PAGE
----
Magnetic resonance imaging (MRI scan) with magnetic resonance angiography (MRA) uses a magnetic field to produce detailed images of brain tissue and arteries in the neck and brain, allowing physicians to detect small-vessel infarct (i.e., stroke in small blood vessels deep in brain tissue).
ECG (electrocardiogram) may be performed to detect reduced blood flow to the heart (myocardiac ischemia) or irregular heartbeat (cardiac arrhythmia).
Echocardiogram may be used if the cause may be an embolus (blood clot) from the heart.
Angiogram involves injecting a contrast agent (dye) into the bloodstream and taking a series of x-rays of blood vessels. This test is used to identify the source and location of arterial blockage and to detect aneurysms and blood vessel defects.
Single photon emission computed tomography (SPECT) and positron emission tomography (PET) involve injecting a radioactive substance into the bloodstream and monitoring it as it travels through blood vessels in the brain. These tests allow physicians to detect damaged regions of the brain resulting from reduced blood flow.
Treatments (OPTION 1) (either this can be used or option 2 description of treatment be used)
A stroke is a medical emergency. Physicians have begun to call it a “brain attack” to stress that getting treatment immediately can save lives and reduce disability. Treatment varies, depending on the severity and cause of the stroke. For virtually all strokes, hospitalization is required, possibly including intensive care and life support.
The goal is to get the person to the emergency room immediately, determine if he or she is having a bleeding stroke or a stroke from a blood clot, and start therapy — all within 3 hours of when the stroke began.
Thrombolytic medicine, such as tPA, breaks up blood clots and can restore blood flow to the damaged area. People who receive this medicine are more likely to have less long-term impairment. However, there are strict criteria for who can receive thrombolytics. The most important is that the person be examined and treated by a specialized stroke team within 3 hours of when the symptoms start. If the stroke is caused by bleeding rather than clotting, this treatment can make the damage worse — so care is needed to diagnose the cause before giving treatment.
In other circumstances, blood thinners such as heparin and Coumadin are used to treat strokes. Aspirin may also be used.
Other medications may be needed to control associated symptoms. Painkillers may be needed to control severe headache. Medicine may be needed to control high blood pressure.
Nutrients and fluids may be necessary, especially if the person has swallowing difficulties. The nutrients and fluids may be given through an intravenous tube (IV) or a feeding tube in the stomach (gastrostomy tube). Swallowing difficulties may be temporary or permanent.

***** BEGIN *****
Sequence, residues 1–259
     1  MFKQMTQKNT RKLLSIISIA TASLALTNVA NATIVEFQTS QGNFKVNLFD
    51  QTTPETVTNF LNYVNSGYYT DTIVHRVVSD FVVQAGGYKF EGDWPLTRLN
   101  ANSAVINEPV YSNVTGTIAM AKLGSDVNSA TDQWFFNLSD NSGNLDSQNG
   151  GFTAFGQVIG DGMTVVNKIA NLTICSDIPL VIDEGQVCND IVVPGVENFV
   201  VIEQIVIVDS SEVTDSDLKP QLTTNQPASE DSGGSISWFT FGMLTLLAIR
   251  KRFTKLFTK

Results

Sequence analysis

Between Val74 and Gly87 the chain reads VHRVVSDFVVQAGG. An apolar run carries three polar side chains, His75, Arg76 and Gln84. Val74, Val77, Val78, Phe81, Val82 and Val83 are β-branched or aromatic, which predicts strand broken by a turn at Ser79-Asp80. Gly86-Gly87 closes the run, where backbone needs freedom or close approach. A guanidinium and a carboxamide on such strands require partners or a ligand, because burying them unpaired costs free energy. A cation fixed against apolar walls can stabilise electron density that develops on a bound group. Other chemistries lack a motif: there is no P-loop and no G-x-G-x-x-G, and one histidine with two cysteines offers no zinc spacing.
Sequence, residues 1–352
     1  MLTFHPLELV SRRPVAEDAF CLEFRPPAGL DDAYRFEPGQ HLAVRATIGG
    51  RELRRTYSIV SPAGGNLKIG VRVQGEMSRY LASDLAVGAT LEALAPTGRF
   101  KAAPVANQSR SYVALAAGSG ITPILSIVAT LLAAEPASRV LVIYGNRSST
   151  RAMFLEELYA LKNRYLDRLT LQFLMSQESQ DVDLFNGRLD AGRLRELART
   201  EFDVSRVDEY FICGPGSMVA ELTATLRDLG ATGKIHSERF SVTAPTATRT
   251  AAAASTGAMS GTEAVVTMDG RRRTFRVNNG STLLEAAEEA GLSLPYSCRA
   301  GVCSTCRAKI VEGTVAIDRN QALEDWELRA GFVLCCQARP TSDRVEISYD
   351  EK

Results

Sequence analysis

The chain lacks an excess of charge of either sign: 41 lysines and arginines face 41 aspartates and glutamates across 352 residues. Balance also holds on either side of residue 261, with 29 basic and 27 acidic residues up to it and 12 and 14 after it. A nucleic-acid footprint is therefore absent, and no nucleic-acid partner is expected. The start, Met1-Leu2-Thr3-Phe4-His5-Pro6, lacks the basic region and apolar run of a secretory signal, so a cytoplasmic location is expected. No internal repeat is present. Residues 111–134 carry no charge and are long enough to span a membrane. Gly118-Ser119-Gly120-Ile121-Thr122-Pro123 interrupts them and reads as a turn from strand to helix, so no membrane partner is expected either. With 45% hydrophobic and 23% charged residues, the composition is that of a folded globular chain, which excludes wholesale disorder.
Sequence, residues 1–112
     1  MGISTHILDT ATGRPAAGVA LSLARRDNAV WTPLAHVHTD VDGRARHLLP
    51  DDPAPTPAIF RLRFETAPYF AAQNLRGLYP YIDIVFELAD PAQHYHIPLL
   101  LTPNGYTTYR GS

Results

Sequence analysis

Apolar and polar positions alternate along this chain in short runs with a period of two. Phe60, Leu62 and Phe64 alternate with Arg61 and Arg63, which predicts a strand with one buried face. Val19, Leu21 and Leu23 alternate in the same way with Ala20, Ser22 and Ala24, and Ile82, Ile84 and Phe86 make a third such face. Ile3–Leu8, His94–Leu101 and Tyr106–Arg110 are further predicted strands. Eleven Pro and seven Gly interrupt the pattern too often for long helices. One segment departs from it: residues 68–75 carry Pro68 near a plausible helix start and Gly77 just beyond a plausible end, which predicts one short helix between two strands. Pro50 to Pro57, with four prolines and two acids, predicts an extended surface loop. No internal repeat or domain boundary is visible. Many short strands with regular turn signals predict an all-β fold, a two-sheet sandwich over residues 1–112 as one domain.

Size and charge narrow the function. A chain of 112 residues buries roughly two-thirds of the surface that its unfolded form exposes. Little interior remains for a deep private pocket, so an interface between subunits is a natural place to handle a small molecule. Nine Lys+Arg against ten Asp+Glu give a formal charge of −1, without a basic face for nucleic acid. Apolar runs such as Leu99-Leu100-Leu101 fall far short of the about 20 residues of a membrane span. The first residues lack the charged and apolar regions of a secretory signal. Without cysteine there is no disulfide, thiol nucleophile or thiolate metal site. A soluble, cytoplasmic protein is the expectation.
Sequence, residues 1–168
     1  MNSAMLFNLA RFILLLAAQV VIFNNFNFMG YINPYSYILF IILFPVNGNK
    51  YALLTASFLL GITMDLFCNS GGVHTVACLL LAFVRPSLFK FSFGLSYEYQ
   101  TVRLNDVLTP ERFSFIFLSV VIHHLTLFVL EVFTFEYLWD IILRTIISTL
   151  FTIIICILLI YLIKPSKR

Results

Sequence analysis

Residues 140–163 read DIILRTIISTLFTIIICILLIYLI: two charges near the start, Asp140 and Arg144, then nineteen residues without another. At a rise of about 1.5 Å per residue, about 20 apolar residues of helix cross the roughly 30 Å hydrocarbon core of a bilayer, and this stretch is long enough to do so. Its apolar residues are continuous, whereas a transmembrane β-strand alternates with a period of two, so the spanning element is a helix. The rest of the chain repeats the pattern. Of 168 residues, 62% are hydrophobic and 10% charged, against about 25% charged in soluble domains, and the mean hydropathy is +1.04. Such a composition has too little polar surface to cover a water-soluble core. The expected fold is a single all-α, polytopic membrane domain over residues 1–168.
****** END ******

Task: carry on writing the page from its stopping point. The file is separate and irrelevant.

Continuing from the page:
For hemorrhagic stroke, surgery is often required to remove pooled blood from the brain and to repair damaged blood vessels.
Treatment (OPTION II)
Because their mechanisms are different, the treatments for the types of stroke are different:
– Removing obstruction and restoring blood flow to the brain treats Ischemic stroke.
– In Hemorrhagic stroke, doctors introduce an obstruction to prevent rupture and bleeding of aneurysms and arteriovenous malformations.
– Clot busters, e.g., tPA
The most promising treatment for ischemic stroke is the FDA-approved clot-busting drug tPA (tissue plasminogen activator), which must be administered within a three-hour window from the onset of symptoms to work best. Administering tPA or other clot-dissolving agents is complex and is done through an intravenous (IV) line in the arm by hospital personnel. If given promptly, tPA can significantly reduce the effects of stroke and reduce permanent disability. Generally, only 3 to 5 percent of those who suffer a stroke reach the hospital in time to be considered for this treatment.
Antiplatelet agents such as aspirin and anticoagulants such as warfarin interfere with the blood’s ability to clot and can play an important role in preventing stroke.
– Carotid Endarterectomy
Carotid endarterectomy is a procedure in which blood vessel blockage is surgically removed from the carotid artery.
Doctors sometimes use balloon angioplasty and implantable steel screens called stents to treat cardiovascular disease and reduce fatty buildup clogging a vessel.
Hemorrhagic Stroke (SUBARACHNOID HEMORRHAGE OR AVM)
– Surgical Intervention
For hemorrhagic stroke (specifically for a subarachnoid hemorrhage), surgical treatment is often recoommended to either place a metal clip at the base, called the neck, of the aneurysm or to remove the abnormal vessels comprising an arteriovenous malformation (AVM).
– Endovascular Procedures, e.g., “coils”
Endovascular procedures are less invasive and involve the use of a catheter introduced through a major artery in the leg or arm, guided to the aneurysm or AVM where it deposits a mechanical agent, such as a coil, to prevent rupture.